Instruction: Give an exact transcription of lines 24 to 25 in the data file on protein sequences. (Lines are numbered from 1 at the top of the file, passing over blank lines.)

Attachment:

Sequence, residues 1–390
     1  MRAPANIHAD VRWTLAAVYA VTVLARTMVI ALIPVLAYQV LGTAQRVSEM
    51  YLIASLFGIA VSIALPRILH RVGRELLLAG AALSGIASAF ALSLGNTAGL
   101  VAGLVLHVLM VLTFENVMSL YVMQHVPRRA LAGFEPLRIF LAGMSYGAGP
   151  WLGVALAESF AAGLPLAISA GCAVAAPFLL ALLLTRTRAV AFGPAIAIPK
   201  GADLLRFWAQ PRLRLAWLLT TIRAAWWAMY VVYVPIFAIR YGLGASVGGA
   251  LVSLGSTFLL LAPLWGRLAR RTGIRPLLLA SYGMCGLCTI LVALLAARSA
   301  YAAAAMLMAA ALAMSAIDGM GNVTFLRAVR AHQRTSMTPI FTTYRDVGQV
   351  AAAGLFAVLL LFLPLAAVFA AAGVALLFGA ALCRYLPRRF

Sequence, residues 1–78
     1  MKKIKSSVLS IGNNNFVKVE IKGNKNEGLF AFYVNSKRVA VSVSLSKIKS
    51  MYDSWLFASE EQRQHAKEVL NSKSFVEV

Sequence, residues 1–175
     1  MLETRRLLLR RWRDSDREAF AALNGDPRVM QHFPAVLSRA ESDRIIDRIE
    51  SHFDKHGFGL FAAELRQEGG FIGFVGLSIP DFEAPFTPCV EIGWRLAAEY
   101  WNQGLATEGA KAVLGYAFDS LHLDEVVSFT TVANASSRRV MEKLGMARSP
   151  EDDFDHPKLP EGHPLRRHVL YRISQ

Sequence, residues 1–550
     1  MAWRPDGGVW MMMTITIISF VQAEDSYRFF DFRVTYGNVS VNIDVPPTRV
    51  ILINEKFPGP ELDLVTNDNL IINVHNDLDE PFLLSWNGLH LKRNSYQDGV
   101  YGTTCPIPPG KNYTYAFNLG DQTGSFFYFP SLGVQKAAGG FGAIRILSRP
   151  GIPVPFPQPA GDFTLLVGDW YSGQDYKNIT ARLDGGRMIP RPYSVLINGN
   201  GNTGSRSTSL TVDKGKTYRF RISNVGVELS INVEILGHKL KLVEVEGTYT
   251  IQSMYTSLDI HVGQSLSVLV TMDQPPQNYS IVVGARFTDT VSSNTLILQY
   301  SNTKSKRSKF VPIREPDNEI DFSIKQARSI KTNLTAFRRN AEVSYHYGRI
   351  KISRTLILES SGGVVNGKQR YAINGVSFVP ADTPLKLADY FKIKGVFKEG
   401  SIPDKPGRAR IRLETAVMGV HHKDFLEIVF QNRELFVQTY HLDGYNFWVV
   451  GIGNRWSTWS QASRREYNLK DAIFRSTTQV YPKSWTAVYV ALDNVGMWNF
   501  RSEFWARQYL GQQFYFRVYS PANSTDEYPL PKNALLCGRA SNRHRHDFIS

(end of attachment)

   251  IQSMYTSLDI HVGQSLSVLV TMDQPPQNYS IVVGARFTDT VSSNTLILQY
   301  SNTKSKRSKF VPIREPDNEI DFSIKQARSI KTNLTAFRRN AEVSYHYGRI